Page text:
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State College Music Legends Reunite to Carry On Arts Fest Tradition

by on July 10, 2015 6:00 AM

Once upon a time in the 1980s, there was a band of merry minstrels in State College who were renowned for their angelic voices and soulful brand of rock and roll. 

Known as Cartoon, they packed the bars both near and far, traveling across the state to bring their music to the masses. Although their fans were numerous and passionate, life eventually began to take each member of the band down a different path.

Only the Central Pennsylvania Festival of the Arts could reunite the band for one packed show in Schwab Auditorium each year. But after more than three decades even that tradition came to an end in 2012. The songs faded into memory, and from memory passed into local legend, never to be heard live in State College again.

Until now. 

Three of the four founding members of Cartoon have reunited as Hughes, Kidder & Rounds to bring their uniquely harmonious blend of folk rock to Arts Fest once again. They will rock the State College Presbyterian Church on Saturday night at 8 p.m. You'll need to pick up an Arts Fest button to gain entry.

“There’s a tradition to be carried on, that’s how we felt about it,” says Glenn Kidder, one of the three singer-songwriters in the folk trio. “We just love playing music together. Any time we’re all in the same room, the guitars come out.” 

John Rounds says the three lifelong friends got together last week at Kidder’s house in Virginia, where for three days straight they played and practiced for hours on end until their fingers burned.

Rounds brags they used to be able to fill two whole set lists with only their original songs, many of which have been dusted off and rearranged for three musicians. Loyal fans from back in the day can look forward to hearing their favorite anthems once again.

But what’s even more impressive, Kidder says, is the fact that in only three days the three friends were able to write four brand new songs they plan to debut on Saturday.

“Even we know that’s crazy, since we only play together once or twice a year,” Kidder laughs. “I think it says a lot about the connection we have and how hard we’ve worked that we were able to write together after all this time.”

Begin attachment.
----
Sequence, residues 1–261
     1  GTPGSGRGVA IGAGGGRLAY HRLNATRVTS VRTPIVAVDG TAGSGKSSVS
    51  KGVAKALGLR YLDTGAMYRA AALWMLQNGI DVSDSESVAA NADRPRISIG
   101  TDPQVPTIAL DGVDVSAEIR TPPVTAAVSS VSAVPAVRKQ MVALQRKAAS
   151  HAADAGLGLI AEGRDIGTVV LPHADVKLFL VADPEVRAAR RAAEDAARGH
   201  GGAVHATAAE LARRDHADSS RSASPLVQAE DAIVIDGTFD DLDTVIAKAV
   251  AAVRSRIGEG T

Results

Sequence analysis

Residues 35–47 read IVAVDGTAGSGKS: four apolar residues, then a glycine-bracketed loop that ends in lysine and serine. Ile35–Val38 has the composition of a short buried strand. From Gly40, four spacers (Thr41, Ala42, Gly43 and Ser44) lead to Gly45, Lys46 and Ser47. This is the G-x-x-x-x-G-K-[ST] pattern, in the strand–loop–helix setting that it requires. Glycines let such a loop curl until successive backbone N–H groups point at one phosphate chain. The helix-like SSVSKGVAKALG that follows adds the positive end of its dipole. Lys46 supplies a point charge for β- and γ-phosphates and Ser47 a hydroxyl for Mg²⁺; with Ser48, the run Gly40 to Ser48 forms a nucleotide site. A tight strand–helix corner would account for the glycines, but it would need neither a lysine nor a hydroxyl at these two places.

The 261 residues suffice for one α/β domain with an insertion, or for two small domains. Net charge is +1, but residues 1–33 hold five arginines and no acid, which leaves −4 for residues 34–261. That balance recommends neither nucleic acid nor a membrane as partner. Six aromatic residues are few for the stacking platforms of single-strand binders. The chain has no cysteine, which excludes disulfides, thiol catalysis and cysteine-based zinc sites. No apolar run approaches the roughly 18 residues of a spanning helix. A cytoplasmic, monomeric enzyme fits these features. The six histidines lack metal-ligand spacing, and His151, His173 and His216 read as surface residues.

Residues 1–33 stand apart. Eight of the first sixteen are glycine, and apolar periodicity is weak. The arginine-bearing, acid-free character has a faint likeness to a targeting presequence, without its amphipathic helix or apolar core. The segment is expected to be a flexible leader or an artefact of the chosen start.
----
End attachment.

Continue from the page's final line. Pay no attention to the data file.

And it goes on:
Rounds admits that playing with the same musicians for over 30 years might rob most musicians of their passion and chemistry together – but Hughes, Kidder & Rounds aren’t most musicians.

Even decades after first coming together, Rounds says there was an electrifying excitement as they practiced to get ready for Saturday’s show. They’ve all grown and changed as both people and musicians in the intervening years, but there’s something between them that time can never steal away.

“There’s something really engaging about working on music together, even if we’re playing something over and over,” Rounds says. “We’re coming together, forging something, making something, and all of us just synced right up. That’s really neat.”

Arts Fest executive director Rick Bryant says Cartoon was easily the most popular musical act at the festival each year, drawing a crowd of around 900 every time they performed. So when the band decided to end the tradition in 2012, he understood the decision but couldn’t help feeling a little disappointed.

“I was pleasantly surprised when I got an email from Jon exploring the possibility of coming back. I said, 'please, please',” Bryant says. “Hopefully the public will think this is as exciting as I do, and I really think they will.”

Rounds hopes Saturday’s show will be the first in a new tradition of annual Hughes, Kidder & Rounds shows at Arts Fest. He doesn’t want to get ahead of himself, but he even thinks a new album could come together sometime in the future.

Regardless of exactly what the future holds for Hughes, Kidder & Rounds, one thing is for sure: when they get together, the guitars are coming out.

“I’m prepared to play until I drop with these guys,” Kidder says.


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Michael Martin Garrett is a reporter and editor for who covers local government, the courts, the arts and writes the Keeping the Faith column. He's a Penn State alumnus, a published poet and the bassist in a local indie rock band.
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